One of the very early exercises teaches kids to recognize shapes, learn letters, and understand that those letters together make a word which they recognize by the picture.

Now that the whole Bible is available, people need to learn to read it. The church in Gambella understands that basic literacy is an important goal, not only for adults, but also for children. With that in mind, a group of teachers, parents and administrators of four church-run pre-schools went to visit an innovative school being operated by sister synod, Western Wollega Bethel Synod, in the mountains to the west of Gambella. What we saw on our visit was inspiring.

Children sat at tables, busily placing rubber letters on matching spaces on cards, and then identified the word they had spelled by looking at the picture. The innovative program allows children to work at their own pace, moving up a ladder of success to complete up to grade four literacy and numeracy. In addition, the children learn science and English in the same manner. The leaders of the four pre-schools are in the process of considering adopting this program or a similar one, in order to provide, not just education, but a good education to their children. Tools such as these help children to process information and use it, rather than simply memorize and reproduce information without really understanding how that information might be relevant to their own situations. Using the Bible for reading practice, they will also learn to understand how the ancient Words of God speak directly to them today, guiding them in the way they live and showing them a path of excellence for the future.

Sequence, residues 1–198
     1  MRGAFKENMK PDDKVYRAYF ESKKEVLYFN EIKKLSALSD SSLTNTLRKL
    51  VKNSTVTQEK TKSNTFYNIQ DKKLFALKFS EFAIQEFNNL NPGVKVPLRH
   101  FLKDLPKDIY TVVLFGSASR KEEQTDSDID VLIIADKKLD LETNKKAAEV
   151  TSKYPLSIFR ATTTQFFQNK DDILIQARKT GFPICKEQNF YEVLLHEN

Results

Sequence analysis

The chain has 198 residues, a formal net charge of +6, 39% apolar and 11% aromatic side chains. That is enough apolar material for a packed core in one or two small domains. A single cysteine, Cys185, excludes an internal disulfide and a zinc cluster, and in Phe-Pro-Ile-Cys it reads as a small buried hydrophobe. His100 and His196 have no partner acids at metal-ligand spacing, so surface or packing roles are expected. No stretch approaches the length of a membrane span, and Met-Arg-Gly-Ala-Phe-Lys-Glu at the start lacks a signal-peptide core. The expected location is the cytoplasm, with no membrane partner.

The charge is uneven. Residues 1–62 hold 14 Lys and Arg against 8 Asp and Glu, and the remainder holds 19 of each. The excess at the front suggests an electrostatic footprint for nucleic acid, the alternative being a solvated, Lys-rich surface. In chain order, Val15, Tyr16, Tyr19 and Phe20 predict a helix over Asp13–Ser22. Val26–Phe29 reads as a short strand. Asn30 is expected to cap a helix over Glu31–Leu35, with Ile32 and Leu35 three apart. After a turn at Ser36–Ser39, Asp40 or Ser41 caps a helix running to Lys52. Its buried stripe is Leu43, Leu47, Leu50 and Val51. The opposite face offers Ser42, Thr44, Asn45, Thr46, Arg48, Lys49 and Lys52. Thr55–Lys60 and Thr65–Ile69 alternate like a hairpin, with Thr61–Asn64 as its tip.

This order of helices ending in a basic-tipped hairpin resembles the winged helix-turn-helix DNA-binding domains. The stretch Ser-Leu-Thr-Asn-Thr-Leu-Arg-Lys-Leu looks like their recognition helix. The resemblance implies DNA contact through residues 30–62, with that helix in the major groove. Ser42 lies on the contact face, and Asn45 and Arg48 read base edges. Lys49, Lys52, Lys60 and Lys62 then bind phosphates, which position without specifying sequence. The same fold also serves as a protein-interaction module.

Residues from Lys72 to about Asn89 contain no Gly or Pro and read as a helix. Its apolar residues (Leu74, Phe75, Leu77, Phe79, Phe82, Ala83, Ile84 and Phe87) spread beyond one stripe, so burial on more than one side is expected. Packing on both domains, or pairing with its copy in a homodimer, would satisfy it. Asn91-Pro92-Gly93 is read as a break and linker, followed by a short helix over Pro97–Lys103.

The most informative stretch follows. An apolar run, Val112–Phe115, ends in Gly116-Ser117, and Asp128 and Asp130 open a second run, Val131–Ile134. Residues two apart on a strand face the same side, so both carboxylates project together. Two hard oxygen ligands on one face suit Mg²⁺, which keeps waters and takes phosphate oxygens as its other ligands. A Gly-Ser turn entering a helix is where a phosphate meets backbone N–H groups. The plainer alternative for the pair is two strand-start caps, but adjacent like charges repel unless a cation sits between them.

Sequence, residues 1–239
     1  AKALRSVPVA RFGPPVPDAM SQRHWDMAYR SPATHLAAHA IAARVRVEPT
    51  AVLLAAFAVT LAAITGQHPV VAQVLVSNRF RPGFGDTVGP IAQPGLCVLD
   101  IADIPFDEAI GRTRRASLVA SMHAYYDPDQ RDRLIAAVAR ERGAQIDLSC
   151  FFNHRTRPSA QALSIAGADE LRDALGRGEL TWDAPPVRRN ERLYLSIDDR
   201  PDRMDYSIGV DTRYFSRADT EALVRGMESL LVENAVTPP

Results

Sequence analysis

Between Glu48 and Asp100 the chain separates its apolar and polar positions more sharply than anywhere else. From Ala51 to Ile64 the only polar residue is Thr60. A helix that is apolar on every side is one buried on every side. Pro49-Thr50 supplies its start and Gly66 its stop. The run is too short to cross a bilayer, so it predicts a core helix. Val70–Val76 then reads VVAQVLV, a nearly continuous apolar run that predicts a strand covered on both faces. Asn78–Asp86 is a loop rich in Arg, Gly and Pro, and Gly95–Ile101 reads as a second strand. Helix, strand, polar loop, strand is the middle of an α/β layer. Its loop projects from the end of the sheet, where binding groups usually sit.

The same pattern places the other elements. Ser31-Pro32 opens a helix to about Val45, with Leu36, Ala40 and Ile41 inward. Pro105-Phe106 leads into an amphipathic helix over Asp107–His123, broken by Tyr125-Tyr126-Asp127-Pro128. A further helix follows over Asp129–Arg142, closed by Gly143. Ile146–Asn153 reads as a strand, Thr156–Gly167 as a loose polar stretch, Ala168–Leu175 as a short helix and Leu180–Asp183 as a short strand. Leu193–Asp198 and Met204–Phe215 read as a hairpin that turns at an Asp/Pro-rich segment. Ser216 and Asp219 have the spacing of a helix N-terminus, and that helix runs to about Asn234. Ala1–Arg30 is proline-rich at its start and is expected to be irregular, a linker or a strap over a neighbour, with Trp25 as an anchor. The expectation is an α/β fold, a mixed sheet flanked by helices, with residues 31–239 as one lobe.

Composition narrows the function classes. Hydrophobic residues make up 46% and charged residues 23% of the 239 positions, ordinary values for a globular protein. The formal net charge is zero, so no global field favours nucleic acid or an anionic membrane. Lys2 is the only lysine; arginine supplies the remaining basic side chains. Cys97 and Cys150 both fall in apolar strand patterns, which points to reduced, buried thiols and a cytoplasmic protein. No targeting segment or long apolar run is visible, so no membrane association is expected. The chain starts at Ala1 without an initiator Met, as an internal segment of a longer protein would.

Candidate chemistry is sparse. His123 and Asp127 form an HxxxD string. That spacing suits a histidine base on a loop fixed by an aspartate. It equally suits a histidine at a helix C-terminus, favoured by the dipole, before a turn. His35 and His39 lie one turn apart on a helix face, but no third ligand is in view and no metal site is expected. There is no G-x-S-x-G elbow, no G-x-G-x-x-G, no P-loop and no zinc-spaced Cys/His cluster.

Use the links below to see pictures from the Bible dedication ceremony in Gambella and from the pre-school in Western Wollega Bethel Synod.

Anywaa Bible Dedication:
https://plus.google.com/photos/112636359413151385290/albums/5932738777647199057?authkey=CI7BrZnH6ObPOw

Kids learning to read:
/https://plus.google.com/photos/112636359413151385290/albums/5932756023816237745?authkey=CPKklc-hrbPH7gE

For strength, we rely on your prayers; for companionship, we rely on your letters, emails, and Facebook greetings; for daily bread, we rely on your financial support.

Rachel Weller – along with Michael

wellerachel@gmail.com
rachel.v.weller on Skype
Rachel  Vandevort Weller on Facebook (Please message me a reminder of how we know each other.)

The 2013 Presbyterian Mission Yearbook for Prayer & Study, p. 107
Read more about Michael and Rachel Weller's ministry

Write to Michael Weller
Write
to Rachel Weller
Give
to Michael and Rachel Weller's sending and support

Topics:
Tags:

Comments

  • This is great news. Keep up the great work Mike and Rachel. And i hope Rachel can have a real house soon. Love you both1 by Mike Jones on 11/08/2013 at 11:04 a.m.

Join the Discussion

Post Comment